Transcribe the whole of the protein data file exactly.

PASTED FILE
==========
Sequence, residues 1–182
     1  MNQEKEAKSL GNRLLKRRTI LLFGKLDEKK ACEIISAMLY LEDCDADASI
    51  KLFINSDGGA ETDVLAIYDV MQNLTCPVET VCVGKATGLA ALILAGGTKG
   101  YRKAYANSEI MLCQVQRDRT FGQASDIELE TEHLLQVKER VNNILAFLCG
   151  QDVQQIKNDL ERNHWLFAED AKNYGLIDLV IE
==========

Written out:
Sequence, residues 1–182
     1  MNQEKEAKSL GNRLLKRRTI LLFGKLDEKK ACEIISAMLY LEDCDADASI
    51  KLFINSDGGA ETDVLAIYDV MQNLTCPVET VCVGKATGLA ALILAGGTKG
   101  YRKAYANSEI MLCQVQRDRT FGQASDIELE TEHLLQVKER VNNILAFLCG
   151  QDVQQIKNDL ERNHWLFAED AKNYGLIDLV IE